Thinking Creatively Developing, designing, or creating new applications, ideas, relationships, systems, or products, including artistic contributions.
Updating and Using Relevant Knowledge Keeping up-to-date technically and applying new knowledge to your job.
Getting Information Observing, receiving, and otherwise obtaining information from all relevant sources.
Judging the Qualities of Things, Services, or People Assessing the value, importance, or quality of things or people.
Establishing and Maintaining Interpersonal Relationships Developing constructive and cooperative working relationships with others, and maintaining them over time.
AREAS OF KNOWLEDGE Expand
Customer and Personal Service Knowledge of principles and processes for providing customer and personal services. This includes customer needs assessment, meeting quality standards for services, and evaluation of customer satisfaction.
Sales and Marketing Knowledge of principles and methods for showing, promoting, and selling products or services. This includes marketing strategy and tactics, product demonstration, sales techniques, and sales control systems.
English Language Knowledge of the structure and content of the English language including the meaning and spelling of words, rules of composition, and grammar.
Clerical Knowledge of administrative and clerical procedures and systems such as word processing, managing files and records, stenography and transcription, designing forms, and other office procedures and terminology.
Administration and Management Knowledge of business and management principles involved in strategic planning, resource allocation, human resources modeling, leadership technique, production methods, and coordination of people and resources.
Mathematics Knowledge of arithmetic, algebra, geometry, calculus, statistics, and their applications.
Biology Knowledge of plant and animal organisms, their tissues, cells, functions, interdependencies, and interactions with each other and the environment.
Education and Training Knowledge of principles and methods for curriculum and training design, teaching and instruction for individuals and groups, and the measurement of training effects.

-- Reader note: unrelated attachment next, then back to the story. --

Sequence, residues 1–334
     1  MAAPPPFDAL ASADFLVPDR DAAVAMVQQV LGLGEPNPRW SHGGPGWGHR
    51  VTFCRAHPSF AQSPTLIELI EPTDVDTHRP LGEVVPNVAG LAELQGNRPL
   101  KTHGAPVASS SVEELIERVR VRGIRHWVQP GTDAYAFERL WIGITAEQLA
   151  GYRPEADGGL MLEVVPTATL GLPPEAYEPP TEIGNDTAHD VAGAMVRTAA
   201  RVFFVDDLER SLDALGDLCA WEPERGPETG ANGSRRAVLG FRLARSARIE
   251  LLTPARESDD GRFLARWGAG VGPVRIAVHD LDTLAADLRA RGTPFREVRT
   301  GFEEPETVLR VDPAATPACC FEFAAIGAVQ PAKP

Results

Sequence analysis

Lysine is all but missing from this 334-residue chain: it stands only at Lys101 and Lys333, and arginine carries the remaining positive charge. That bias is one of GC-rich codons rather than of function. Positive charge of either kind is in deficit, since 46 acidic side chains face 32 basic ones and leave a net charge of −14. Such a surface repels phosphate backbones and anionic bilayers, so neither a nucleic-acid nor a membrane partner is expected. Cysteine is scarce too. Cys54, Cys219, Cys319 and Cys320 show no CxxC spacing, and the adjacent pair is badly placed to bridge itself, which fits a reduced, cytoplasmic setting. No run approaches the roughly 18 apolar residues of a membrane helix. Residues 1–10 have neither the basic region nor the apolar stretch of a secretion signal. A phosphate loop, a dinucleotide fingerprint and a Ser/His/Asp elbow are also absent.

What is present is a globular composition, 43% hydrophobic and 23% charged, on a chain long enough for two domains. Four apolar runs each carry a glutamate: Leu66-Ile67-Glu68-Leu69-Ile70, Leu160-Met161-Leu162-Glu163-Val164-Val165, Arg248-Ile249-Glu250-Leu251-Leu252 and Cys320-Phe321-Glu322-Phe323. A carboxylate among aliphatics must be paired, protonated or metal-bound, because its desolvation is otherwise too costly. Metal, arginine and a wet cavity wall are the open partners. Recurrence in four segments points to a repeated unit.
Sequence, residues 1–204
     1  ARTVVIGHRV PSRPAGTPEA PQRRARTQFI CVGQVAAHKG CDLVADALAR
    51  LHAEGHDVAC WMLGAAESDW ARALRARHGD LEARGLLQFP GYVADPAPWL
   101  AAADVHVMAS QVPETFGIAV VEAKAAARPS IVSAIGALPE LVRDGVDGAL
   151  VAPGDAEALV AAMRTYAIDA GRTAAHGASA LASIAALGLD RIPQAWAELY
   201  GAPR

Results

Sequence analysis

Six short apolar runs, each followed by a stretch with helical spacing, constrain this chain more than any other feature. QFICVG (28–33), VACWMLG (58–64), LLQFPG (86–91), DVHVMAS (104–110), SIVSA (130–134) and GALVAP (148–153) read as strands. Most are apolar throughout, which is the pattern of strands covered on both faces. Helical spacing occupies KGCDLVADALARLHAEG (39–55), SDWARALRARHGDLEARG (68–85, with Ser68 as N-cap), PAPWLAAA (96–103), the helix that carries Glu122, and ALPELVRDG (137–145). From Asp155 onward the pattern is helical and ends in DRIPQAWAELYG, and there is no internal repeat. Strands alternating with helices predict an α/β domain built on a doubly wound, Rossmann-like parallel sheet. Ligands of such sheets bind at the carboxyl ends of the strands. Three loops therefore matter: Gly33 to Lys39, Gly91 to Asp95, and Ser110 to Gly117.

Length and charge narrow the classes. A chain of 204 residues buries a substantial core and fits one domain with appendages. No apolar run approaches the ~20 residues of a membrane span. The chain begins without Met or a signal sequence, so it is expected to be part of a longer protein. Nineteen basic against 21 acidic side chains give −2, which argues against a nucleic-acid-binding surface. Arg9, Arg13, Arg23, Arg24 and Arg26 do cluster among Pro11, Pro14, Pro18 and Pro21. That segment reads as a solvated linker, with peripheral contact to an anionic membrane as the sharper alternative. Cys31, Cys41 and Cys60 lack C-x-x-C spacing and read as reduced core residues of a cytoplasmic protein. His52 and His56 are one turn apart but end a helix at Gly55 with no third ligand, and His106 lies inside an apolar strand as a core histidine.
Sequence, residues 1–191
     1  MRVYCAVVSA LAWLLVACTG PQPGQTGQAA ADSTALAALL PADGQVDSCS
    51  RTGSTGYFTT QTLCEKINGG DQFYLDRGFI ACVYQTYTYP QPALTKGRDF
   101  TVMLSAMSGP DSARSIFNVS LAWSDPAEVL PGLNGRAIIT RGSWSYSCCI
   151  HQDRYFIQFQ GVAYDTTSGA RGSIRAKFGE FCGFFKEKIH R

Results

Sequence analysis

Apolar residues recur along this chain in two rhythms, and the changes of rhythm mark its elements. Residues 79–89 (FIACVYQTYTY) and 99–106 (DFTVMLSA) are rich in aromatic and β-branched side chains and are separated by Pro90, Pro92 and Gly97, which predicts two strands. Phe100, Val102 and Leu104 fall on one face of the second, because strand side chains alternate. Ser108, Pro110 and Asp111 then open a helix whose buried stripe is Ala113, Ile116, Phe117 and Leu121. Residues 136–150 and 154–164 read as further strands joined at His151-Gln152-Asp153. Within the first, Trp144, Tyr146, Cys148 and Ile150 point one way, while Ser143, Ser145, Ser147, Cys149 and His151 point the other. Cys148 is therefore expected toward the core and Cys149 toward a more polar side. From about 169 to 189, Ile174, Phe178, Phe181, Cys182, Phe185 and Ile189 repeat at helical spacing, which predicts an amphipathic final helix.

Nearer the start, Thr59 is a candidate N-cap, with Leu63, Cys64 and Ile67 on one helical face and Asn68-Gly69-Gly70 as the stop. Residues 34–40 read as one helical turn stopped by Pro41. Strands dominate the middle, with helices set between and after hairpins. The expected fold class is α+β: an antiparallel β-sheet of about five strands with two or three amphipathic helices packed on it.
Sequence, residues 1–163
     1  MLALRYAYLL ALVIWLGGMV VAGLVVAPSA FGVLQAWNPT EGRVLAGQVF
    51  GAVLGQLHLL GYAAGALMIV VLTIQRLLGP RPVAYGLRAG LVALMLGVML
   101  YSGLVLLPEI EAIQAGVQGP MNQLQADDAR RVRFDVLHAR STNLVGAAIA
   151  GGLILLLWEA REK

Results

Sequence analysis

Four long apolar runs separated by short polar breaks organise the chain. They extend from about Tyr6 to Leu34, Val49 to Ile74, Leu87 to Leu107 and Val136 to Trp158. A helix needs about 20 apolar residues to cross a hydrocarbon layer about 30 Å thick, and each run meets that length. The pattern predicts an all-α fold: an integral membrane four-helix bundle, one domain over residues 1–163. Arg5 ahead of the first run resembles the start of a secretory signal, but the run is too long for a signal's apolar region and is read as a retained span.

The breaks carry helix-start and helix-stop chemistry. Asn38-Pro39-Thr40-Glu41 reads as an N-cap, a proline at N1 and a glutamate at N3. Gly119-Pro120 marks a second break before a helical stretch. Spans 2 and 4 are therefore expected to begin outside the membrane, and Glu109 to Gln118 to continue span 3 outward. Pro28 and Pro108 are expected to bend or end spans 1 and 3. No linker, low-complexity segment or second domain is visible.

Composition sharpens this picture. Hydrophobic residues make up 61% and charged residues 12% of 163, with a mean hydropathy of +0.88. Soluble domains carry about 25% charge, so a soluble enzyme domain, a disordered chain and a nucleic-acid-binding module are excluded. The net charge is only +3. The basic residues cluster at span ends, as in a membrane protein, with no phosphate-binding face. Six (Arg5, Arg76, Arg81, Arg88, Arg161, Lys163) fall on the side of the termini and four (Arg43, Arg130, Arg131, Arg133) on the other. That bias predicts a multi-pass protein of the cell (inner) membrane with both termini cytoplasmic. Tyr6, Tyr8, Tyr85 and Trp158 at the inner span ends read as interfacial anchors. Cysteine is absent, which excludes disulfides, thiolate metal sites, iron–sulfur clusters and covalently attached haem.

KEY ABILITIES Expand
Problem Sensitivity The ability to tell when something is wrong or is likely to go wrong. It does not involve solving the problem, only recognizing there is a problem.
Oral Expression The ability to communicate information and ideas in speaking so others will understand.
Speech Clarity The ability to speak clearly so others can understand you.
Deductive Reasoning The ability to apply general rules to specific problems to produce answers that make sense.
Oral Comprehension The ability to listen to and understand information and ideas presented through spoken words and sentences.
Originality The ability to come up with unusual or clever ideas about a given topic or situation, or to develop creative ways to solve a problem.
Fluency of Ideas The ability to come up with a number of ideas about a topic (the number of ideas is important, not their quality, correctness, or creativity).
Information Ordering The ability to arrange things or actions in a certain order or pattern according to a specific rule or set of rules (e.g., patterns of numbers, letters, words, pictures, mathematical operations).
TOP SKILLS Expand
Instructing Teaching others how to do something.
Speaking Talking to others to convey information effectively.
Critical Thinking Using logic and reasoning to identify the strengths and weaknesses of alternative solutions, conclusions or approaches to problems.
Learning Strategies Selecting and using training/instructional methods and procedures appropriate for the situation when learning or teaching new things.
Active Listening Giving full attention to what other people are saying, taking time to understand the points being made, asking questions as appropriate, and not interrupting at inappropriate times.
Active Learning Understanding the implications of new information for both current and future problem-solving and decision-making.
Judgment and Decision Making Considering the relative costs and benefits of potential actions to choose the most appropriate one.
Coordination Adjusting actions in relation to others' actions.